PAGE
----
As a STARS student you:
- Can earn an accelerated Bachelor of Science degree in biochemistry, genetics and cell biology, microbiology or neuroscience in as little as 3 years.
- Earn a doctorate in as little as 7 years after leaving high school.
- Have one-on-one research and advising mentorship starting your freshman year.
- Will finish your first year of graduate coursework in your senior year.
- Are part of a small group of some of the top biomedical students in the country.
Where will the STARS program take you?
STARS students go on to medical school, dental school, veterinary school, or pharmacy school or immediately begin their careers in science, health, or medicine.
STARS graduates are:
- Students in medical training programs at top universities such as the Mayo Clinic
- Medical educational professionals
- Postdoctoral researchers at prestigious research institutions
- AAAS Science and Technology Policy fellows
- Patent Attorneys
Q&A with genetics and cell biology student Thomas Ballinger
Where are you from and where did you graduate high school?
I am from Reno, Nevada, and I graduated high school from North Star Online School while dual enrolled in Truckee Meadows Community College. I am pursuing a Bachelor of Arts in music, as well as a Bachelor's of Science in genetics and cell biology.
What are some of your favorite hobbies?
Fencing was my favorite sport growing up and I joined the fencing club here at WSU but have not been able to go recently due to COVID and my studies. Other than fencing I spend a lot of my free time playing computer video games. I built my own gaming PC last summer. Lastly, I play piano, but I am not sure if that counts as a hobby since I am taking lesson credits here at WSU. I recently achieved my greatest accomplishment in piano, winning first place in the piano area for the New York Artists International Competition.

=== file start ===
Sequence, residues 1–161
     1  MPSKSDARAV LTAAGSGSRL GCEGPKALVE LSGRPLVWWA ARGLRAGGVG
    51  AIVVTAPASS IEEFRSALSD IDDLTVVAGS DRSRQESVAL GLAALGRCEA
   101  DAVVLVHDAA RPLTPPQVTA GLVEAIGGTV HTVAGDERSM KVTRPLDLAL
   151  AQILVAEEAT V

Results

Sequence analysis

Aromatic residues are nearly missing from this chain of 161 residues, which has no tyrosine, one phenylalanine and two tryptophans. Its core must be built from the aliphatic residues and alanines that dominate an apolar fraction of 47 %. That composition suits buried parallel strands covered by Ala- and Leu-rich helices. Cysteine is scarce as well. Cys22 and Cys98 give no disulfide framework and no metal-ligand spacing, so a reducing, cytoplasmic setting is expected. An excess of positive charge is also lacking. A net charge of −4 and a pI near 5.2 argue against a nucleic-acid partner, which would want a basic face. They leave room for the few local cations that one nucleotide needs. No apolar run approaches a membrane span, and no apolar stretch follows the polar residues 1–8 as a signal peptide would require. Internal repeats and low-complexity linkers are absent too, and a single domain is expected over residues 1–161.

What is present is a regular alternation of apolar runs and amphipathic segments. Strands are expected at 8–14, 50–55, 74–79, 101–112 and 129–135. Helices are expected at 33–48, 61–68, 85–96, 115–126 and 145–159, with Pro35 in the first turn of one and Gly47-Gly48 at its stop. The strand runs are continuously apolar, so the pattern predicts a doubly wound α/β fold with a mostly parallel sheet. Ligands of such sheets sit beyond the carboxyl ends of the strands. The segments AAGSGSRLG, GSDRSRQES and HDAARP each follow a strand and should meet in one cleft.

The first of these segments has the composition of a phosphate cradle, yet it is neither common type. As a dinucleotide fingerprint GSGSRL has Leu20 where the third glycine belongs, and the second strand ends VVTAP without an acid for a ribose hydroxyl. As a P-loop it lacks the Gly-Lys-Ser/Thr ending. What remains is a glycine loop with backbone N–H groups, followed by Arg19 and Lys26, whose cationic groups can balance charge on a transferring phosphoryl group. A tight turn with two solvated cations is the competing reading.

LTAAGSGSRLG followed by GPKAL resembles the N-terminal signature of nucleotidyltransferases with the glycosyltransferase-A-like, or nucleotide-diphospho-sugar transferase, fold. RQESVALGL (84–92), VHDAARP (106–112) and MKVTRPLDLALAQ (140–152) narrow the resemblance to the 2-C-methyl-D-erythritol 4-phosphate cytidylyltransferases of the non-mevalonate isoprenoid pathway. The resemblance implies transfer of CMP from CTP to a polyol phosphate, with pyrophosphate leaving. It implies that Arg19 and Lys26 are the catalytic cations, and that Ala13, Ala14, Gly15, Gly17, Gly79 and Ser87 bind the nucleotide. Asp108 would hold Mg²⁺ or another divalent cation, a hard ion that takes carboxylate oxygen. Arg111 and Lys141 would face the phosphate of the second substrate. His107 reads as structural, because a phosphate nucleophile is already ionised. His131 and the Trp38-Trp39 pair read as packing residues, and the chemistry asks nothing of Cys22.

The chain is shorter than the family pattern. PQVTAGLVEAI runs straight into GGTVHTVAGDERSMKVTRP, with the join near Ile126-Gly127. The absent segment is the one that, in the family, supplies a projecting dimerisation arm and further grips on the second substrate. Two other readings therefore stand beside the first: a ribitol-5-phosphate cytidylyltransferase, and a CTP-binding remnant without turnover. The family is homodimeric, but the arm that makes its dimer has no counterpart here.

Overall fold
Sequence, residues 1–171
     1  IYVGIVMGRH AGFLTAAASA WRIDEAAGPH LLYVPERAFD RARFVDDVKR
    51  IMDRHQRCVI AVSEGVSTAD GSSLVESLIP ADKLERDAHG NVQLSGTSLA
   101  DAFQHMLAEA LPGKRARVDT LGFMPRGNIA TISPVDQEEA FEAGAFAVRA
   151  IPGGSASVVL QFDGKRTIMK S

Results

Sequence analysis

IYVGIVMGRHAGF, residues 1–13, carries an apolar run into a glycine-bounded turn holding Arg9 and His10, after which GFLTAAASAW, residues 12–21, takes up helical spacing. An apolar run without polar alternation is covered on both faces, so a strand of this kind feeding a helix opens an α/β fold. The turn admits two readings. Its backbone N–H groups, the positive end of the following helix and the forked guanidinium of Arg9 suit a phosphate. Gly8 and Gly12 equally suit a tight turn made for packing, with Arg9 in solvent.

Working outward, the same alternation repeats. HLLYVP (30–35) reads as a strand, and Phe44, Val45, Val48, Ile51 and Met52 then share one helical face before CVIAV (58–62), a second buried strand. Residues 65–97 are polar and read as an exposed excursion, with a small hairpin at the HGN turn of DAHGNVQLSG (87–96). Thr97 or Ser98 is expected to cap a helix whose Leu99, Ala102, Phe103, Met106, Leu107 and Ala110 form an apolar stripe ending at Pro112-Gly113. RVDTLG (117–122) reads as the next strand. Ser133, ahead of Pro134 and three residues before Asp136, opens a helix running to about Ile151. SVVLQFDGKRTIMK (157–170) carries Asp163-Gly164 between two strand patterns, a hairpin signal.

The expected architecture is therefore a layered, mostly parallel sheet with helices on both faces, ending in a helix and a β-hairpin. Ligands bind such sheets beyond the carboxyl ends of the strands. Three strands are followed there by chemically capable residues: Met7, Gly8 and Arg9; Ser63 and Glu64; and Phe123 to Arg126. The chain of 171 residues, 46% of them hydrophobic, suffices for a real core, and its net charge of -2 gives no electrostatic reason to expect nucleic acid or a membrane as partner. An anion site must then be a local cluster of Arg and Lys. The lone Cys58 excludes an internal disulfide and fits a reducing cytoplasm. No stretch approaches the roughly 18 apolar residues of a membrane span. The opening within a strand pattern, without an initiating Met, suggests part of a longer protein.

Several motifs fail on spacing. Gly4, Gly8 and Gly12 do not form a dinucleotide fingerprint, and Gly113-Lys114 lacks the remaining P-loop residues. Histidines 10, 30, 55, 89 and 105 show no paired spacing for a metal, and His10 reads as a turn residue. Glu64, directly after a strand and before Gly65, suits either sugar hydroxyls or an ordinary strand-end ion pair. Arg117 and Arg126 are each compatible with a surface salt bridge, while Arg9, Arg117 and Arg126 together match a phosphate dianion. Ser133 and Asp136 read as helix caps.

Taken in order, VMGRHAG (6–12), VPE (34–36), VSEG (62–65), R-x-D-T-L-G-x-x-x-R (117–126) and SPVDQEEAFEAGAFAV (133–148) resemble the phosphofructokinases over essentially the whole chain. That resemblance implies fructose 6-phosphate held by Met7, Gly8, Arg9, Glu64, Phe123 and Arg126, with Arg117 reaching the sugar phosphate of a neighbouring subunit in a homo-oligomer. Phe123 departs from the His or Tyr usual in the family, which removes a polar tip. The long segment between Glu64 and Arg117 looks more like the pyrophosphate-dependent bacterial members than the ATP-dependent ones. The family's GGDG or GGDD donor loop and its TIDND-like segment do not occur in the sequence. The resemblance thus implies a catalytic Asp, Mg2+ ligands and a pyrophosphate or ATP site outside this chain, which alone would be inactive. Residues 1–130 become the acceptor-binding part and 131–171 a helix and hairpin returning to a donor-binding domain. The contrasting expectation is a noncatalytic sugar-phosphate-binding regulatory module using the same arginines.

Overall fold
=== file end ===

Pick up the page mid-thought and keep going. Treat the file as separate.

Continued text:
What’s your favorite thing about WSU?
My favorite thing about WSU would be the ample amount of opportunities for undergraduate research. I have been taking classes at WSU for four semesters and I have been working in a lab for three of those. It feels like there is so much going on throughout campus that it’s almost inevitable that you find something you like or find interesting. Also, the undergraduate research, in my experience, has not felt like the PI's or grad students were just making me do the grunt work, but rather were interested in teaching me lab techniques and preparing me to be a scientist.
What’s your favorite course you’ve taken at WSU?
My favorite course I've taken at WSU would have to be MBIOS 301, General Genetics, that I am currently taking this semester. It’s the first class I have taken that is specifically about my major and it has only reaffirmed my decision for what I want to study. The professor for the class is Andrew McCubbin. I like how in the lectures the professor includes results of experiments he did in the past, and overall the class seems to be more practically oriented to what we will be doing in the future than some of the other science courses I have taken.
What’s a unique fun fact about you?
The farthest I have been from the United States is Costa Rica, where my family lived with a local in their house for a month. It was really cool to experience a different culture and way of life that I was used to growing up in the U.S. I hope to one day be able to visit them again.